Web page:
You’ll recall that Greta delivered a rousing speech at the United Nations Climate Action Summit in September. Addressing world leaders, she said, “You have stolen my dreams and my childhood with your empty words. And yet I'm one of the lucky ones. People are suffering. People are dying. Entire ecosystems are collapsing. We are in the beginning of a mass extinction, and all you can talk about is money and fairy tales of eternal economic growth. How dare you!”
Greta’s activism began in August 2018 when she started skipping school on Fridays to hold a climate strike by herself in front of the Swedish Parliament. Since then, she has sparked a global movement and met with world leaders and policy makers.
Time wrote, “She is an ordinary teenage girl who, in summoning the courage to speak truth to power, became the icon of a generation. By clarifying an abstract danger with piercing outrage, Thunberg became the most compelling voice on the most important issue facing the planet.”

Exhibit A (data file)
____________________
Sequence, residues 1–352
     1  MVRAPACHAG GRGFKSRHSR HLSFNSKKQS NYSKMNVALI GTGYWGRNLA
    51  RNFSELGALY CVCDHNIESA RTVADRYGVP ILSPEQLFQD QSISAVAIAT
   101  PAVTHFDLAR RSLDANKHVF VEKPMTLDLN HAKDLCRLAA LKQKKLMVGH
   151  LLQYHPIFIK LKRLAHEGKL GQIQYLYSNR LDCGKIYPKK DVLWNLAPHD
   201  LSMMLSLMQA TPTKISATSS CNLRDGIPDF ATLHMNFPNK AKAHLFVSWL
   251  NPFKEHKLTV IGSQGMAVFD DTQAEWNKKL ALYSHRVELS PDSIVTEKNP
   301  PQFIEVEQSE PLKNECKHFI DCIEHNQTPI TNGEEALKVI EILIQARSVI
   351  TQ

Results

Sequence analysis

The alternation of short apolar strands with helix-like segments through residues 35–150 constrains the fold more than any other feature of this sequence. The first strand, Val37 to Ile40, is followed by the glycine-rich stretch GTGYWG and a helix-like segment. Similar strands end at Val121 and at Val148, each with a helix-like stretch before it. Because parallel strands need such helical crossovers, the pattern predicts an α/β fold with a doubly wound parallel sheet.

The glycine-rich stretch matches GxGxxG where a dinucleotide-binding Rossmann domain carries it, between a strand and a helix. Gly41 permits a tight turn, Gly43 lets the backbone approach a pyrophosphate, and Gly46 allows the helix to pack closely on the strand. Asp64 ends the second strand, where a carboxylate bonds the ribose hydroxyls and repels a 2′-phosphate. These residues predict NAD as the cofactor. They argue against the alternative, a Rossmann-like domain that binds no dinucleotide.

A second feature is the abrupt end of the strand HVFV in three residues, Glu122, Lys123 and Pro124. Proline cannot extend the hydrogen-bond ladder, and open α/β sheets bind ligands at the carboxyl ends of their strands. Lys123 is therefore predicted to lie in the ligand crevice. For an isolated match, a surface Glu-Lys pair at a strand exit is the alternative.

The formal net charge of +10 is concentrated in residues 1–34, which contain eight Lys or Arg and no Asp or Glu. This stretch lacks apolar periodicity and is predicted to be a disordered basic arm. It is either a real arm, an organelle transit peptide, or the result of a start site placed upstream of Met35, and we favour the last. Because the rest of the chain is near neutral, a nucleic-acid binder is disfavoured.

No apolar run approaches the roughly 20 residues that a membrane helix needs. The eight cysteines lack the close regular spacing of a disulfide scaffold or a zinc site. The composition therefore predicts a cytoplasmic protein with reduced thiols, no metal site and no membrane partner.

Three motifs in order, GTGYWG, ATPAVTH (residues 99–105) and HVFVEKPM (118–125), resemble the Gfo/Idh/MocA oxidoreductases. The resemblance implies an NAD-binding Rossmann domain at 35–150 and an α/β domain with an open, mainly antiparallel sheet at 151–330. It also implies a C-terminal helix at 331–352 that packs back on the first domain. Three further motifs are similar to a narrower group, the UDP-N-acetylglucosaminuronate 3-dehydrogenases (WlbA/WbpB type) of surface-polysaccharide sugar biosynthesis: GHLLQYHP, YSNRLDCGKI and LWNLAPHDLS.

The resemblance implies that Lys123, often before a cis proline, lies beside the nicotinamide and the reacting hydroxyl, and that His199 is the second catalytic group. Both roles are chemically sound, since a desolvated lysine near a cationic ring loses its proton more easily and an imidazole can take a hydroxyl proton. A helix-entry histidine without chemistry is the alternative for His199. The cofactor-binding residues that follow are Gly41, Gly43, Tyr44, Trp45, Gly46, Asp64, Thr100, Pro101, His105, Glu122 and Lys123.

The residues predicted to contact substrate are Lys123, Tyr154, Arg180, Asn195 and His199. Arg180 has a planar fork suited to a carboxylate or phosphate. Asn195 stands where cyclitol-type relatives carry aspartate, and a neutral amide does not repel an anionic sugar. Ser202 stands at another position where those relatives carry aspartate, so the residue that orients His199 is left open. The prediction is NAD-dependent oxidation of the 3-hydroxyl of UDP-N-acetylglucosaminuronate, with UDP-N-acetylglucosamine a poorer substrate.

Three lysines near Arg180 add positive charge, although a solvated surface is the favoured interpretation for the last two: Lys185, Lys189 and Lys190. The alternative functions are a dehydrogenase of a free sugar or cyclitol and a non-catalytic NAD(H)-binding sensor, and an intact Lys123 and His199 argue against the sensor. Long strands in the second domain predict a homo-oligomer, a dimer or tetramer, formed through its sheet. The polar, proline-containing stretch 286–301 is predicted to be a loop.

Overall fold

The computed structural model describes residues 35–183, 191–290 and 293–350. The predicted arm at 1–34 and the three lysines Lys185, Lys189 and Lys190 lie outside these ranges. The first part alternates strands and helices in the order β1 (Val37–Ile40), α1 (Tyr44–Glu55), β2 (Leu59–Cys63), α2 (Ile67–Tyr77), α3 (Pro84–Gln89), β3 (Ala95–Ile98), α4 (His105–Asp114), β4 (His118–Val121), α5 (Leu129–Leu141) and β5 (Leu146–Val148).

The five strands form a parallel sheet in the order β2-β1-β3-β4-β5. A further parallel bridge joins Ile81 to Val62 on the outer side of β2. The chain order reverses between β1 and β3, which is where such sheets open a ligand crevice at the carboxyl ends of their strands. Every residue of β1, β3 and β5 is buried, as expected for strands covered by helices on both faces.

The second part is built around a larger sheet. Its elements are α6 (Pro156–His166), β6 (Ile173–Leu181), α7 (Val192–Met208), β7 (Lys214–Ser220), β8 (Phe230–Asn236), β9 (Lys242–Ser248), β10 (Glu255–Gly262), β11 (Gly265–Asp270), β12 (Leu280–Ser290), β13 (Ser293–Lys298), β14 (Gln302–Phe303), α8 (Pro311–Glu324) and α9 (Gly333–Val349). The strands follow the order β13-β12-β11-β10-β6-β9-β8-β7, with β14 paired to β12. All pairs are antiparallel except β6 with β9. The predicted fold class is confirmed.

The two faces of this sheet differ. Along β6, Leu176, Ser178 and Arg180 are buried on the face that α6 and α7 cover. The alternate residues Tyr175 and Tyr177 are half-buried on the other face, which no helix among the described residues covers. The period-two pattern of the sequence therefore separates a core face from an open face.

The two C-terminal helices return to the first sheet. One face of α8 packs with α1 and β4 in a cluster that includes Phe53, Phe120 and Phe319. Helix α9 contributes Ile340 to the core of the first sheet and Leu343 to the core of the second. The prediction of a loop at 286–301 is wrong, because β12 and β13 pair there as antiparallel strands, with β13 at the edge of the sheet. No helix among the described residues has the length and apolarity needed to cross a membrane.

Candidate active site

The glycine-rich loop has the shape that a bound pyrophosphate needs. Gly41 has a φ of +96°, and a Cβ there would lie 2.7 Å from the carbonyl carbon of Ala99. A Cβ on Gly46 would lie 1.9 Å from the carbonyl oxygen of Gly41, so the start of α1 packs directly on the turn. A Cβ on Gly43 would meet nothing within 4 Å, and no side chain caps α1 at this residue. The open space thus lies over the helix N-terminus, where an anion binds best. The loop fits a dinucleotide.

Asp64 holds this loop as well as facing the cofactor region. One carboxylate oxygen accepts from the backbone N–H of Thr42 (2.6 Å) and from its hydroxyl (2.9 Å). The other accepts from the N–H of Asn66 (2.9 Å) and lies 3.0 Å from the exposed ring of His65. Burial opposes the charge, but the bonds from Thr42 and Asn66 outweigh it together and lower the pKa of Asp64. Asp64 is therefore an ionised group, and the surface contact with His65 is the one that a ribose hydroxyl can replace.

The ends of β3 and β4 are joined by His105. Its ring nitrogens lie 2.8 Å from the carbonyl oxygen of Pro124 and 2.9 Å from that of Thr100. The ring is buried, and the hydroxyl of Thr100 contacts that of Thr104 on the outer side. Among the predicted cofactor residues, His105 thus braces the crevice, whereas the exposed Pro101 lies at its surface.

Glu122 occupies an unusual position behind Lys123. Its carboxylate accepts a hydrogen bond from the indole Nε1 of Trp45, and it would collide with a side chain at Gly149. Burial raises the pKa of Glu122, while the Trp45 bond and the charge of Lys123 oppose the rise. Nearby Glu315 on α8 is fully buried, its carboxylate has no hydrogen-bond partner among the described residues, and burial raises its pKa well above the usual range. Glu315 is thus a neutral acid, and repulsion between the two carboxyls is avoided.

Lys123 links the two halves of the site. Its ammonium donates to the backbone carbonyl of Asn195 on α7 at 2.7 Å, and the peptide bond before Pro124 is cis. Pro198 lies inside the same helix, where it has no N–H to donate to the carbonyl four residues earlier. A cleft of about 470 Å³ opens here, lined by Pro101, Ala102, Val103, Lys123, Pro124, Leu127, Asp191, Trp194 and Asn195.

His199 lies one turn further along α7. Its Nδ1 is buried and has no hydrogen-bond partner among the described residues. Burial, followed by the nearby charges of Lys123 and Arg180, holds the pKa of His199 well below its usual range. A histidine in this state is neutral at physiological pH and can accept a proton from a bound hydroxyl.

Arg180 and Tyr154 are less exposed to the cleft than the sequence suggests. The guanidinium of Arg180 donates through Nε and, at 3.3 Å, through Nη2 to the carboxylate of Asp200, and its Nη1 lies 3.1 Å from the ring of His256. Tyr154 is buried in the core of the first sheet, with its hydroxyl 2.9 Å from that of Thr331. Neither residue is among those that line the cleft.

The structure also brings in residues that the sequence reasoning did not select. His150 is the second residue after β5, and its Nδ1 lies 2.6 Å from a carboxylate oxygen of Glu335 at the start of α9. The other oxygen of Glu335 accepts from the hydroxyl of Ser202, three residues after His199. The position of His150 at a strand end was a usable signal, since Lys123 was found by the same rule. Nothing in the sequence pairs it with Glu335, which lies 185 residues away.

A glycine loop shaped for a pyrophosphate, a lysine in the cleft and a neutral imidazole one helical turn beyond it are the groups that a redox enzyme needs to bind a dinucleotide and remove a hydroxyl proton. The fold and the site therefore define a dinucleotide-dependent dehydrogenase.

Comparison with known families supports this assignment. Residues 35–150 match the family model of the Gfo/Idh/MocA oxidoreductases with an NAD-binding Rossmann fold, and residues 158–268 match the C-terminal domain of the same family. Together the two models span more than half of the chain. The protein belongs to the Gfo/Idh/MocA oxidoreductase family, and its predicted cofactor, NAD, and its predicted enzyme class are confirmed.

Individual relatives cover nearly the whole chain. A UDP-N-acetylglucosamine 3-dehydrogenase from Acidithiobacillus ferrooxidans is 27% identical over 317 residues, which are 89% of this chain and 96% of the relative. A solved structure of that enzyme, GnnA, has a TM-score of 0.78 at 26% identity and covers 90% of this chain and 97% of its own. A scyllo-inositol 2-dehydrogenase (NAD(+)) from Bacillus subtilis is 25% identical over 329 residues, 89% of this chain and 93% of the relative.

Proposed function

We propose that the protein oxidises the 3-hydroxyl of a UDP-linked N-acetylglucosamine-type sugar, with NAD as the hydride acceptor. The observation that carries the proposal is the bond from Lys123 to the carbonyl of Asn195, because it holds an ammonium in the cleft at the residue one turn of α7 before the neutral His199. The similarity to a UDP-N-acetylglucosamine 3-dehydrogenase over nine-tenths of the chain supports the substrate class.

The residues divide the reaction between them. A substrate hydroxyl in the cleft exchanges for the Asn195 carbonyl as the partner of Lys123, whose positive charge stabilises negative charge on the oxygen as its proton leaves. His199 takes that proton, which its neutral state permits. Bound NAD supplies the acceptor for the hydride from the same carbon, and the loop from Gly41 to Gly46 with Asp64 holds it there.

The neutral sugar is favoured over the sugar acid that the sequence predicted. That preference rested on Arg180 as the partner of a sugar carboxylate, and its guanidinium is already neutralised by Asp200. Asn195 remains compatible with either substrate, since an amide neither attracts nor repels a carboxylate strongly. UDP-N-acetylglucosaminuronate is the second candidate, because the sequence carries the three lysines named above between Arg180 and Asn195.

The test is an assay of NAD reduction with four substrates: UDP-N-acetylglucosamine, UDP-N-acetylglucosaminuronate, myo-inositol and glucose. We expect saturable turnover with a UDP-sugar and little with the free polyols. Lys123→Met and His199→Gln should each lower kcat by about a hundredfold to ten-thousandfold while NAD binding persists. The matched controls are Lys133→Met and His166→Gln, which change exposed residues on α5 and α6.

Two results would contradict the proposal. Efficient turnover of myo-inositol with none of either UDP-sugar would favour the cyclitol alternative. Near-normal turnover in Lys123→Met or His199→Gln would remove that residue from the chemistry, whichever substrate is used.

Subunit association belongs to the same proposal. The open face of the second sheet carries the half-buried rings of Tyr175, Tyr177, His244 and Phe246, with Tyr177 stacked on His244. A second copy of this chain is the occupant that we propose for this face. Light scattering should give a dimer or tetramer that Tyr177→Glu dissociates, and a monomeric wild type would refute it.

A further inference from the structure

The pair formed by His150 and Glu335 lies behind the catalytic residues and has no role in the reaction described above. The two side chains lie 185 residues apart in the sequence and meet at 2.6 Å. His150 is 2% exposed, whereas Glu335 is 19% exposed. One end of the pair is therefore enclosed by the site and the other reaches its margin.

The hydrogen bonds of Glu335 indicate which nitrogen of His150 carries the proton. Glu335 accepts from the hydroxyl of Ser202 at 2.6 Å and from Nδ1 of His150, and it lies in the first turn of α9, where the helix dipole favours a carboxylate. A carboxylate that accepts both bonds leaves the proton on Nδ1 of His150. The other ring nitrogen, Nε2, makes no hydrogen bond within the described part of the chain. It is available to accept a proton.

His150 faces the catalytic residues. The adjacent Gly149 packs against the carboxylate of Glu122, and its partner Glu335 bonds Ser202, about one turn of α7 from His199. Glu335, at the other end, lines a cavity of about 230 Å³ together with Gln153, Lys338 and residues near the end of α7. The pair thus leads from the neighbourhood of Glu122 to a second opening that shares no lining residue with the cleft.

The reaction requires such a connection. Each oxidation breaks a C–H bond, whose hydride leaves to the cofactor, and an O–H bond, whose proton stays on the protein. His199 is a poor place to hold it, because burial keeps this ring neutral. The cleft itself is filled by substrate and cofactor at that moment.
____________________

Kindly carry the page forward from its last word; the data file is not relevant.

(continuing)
Greta has been mocked for her age, gender, and Asperger’s syndrome, which means she sees, hears, and feels differently than others do. Time wrote, “She dislikes crowds; ignores small talk; and speaks in direct, uncomplicated sentences. She cannot be flattered or distracted. She is not impressed by other people’s celebrity, nor does she seem to have interest in her own growing fame.”
“But these very qualities have helped make her a global sensation. Where others smile to cut the tension, Thunberg is withering. Where others speak the language of hope, Thunberg repeats the unassailable science: Oceans will rise. Cities will flood. Millions of people will suffer."
Greta told Time, “I see the world in black and white, and I don’t like compromising. If I were like everyone else, I would have continued on and not seen this crisis.”
She said, “We can’t just continue living as if there was no tomorrow because there is a tomorrow. That is all we are saying.”
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